Who is IRRE?
The Institute for Research and Reform in Education (IRRE) was founded in 1989 and is led by its founder James P. Connell, Ph.D. and Julie Broom, Ed.D. We are a nonprofit 501(c)(3) organization dedicated to improving the lives of children, especially in underserved areas. More than 50 experts in education, administration, youth development, technology, research and evaluation comprise our team of consultants and full-time staff. We engage with foundations, school districts, government agencies, community organizations, collaboratives and individual investors dedicated to educational and social change benefiting children and youth.
IRRE's Core Theory of Change
According to this theory of change, student outcomes are most directly affected by the learning experiences students have in school: how they experience what they’re being taught, how it’s taught, their teachers’ commitment to them as students, and their own capacity, interest, and commitment in doing the work. Students’ learning experiences are shaped by what their teachers and their schools actually do, the instructional practices and school practices that characterize their everyday life in school. The actions of educators, in turn, are influenced by what they’re expected and supported to do: institutional norms and expectations, and the learning opportunities and ongoing supports they receive from peers, school and district administrators, and outside providers to engage in effective practices with their students. These supports for educators are impacted by whether and how the system puts certain conditions in place: focus, coherence, mutual accountability and sustained intense commitment to data-driven improvement. These same conditions also impact whether or not supports educators receive translate into effective practices.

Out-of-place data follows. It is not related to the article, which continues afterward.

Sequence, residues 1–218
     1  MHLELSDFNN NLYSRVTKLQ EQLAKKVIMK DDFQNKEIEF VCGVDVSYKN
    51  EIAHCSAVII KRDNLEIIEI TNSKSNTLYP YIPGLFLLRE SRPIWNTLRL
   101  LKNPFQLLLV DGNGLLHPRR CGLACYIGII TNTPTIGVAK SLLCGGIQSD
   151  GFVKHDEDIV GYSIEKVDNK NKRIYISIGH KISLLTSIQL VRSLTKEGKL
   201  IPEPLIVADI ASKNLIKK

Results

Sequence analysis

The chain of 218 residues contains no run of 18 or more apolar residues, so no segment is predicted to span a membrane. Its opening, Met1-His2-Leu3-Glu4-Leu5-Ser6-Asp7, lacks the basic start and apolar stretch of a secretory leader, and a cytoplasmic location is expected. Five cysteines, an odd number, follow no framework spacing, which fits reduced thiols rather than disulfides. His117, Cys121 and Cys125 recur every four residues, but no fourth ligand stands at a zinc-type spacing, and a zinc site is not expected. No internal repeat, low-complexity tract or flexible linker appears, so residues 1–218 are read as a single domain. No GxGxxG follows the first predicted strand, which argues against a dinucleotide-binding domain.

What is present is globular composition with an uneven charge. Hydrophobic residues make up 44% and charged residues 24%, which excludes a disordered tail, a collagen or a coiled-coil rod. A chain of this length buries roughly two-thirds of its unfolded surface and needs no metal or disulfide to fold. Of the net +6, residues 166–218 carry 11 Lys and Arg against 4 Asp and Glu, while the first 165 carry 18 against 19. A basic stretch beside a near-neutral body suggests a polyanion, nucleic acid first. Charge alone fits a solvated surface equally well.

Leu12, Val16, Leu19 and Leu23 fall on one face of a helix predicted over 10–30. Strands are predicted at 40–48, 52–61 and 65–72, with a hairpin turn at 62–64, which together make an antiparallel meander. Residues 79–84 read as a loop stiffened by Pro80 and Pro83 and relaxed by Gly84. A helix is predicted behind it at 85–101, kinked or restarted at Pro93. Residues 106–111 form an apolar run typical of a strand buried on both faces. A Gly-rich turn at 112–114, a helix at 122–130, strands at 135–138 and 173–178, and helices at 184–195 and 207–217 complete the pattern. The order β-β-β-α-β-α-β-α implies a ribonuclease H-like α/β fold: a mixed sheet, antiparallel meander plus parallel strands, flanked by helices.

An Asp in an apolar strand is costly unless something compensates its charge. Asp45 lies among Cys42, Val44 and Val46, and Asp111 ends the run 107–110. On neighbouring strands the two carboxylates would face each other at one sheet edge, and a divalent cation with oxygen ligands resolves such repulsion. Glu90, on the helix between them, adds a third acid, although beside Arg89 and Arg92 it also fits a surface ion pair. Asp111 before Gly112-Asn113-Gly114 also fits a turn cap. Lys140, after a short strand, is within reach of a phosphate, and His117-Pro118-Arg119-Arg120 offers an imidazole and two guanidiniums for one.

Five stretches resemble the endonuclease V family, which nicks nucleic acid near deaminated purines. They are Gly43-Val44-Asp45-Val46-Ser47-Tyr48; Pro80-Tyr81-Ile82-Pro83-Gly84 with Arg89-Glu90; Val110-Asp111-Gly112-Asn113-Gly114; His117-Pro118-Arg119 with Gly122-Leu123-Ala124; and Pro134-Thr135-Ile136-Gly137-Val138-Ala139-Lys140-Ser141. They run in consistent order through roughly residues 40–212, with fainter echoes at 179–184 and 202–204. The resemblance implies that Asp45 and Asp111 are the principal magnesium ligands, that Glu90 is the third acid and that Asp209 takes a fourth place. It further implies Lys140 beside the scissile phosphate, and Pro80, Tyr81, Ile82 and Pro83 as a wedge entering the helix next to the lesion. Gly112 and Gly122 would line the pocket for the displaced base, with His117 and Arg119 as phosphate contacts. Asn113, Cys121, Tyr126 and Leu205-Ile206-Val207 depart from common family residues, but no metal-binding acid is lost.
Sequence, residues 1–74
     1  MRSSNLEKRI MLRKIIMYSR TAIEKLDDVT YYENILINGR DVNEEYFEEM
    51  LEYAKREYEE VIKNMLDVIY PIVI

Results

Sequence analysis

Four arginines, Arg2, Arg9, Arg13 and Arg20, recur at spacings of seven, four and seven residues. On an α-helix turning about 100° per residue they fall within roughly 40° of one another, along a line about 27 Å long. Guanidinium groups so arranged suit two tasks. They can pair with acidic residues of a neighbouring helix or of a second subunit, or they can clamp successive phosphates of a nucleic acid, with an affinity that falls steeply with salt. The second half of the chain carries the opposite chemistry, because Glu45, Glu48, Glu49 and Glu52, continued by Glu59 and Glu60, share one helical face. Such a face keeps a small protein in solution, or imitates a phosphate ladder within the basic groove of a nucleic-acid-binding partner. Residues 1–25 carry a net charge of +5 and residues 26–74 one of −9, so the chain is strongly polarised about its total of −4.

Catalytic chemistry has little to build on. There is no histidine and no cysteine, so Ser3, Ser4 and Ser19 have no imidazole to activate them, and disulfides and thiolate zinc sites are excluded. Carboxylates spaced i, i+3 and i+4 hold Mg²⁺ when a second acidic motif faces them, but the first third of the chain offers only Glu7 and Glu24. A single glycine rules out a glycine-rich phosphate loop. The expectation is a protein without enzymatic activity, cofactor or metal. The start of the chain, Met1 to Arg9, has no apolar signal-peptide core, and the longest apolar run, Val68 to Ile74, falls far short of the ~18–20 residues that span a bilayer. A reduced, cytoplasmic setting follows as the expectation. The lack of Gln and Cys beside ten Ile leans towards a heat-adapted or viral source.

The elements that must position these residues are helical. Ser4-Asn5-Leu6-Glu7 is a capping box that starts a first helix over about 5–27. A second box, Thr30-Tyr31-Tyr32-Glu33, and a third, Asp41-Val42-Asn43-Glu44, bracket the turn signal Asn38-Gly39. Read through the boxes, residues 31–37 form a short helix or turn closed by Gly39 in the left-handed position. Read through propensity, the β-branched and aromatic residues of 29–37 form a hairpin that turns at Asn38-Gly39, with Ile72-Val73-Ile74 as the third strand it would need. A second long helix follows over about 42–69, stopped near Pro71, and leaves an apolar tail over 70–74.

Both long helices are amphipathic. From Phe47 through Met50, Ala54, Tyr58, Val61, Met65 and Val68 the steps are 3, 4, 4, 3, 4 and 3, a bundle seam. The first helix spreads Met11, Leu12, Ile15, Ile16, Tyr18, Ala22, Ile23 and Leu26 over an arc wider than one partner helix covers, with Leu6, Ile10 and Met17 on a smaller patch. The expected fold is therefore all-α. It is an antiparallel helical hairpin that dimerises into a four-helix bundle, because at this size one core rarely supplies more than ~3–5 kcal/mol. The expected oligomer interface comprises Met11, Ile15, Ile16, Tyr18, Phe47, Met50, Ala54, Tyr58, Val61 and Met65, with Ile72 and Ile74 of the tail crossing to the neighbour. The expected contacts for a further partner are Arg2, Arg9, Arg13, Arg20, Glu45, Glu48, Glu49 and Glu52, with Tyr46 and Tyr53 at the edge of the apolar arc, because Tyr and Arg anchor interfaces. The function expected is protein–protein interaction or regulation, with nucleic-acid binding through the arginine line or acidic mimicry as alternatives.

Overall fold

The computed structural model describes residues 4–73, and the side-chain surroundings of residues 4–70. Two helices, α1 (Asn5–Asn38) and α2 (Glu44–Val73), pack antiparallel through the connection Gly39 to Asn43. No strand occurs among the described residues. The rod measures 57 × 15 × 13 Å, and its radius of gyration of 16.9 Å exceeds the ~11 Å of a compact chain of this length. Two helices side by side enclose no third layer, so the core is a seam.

With this “backbone” theory of change in hand, and with quality measures of all its elements in our portfolio, IRRE engages with its education clients to capture their educational goals and plausible pathways to those goals in their own theory of change. Throughout this process, we remain sensitive to their specific local conditions but do not give up what research and experience have taught us are the essential elements of any successful educational improvement effort.
Dr. Julie Broom heads the Field Services division of IRRE. We have partnered with over a hundred elementary, middle and high schools in more than 25 states to develop more personalized, engaging, and rigorous learning environments in schools serving both small and large populations of economically disadvantaged students. In this capacity, IRRE has worked throughout the country in districts as diverse as the chronically impoverished rural Mississippi Delta and Rio Grande Valley in Texas as well as large urban high schools in California, Texas and Michigan (link to map). Our partnerships’ successes and challenges are well-documented in rigorous evaluation studies examining 15 years of this work.
IRRE’s Strategic Consultation and Evaluation division led by Dr. James Connell has worked closely with some of the largest investors and policy making institutions involved in education and youth development. Our former and current clients include the U.S. Department of Education, the Bill and Melinda Gates Foundation and multiple state departments of education and private foundations. IRRE plays various roles in these partnerships – strategic consultant, data infrastructure architect, independent evaluator. The common threads in these relationships are our clients’ interest in pursuing rigorous, practical and impactful approaches to investing their financial and political resources; and IRRE’s capacity to bring effective and efficient planning processes to guide these investments and metrics and analytics to assess their returns all along the way.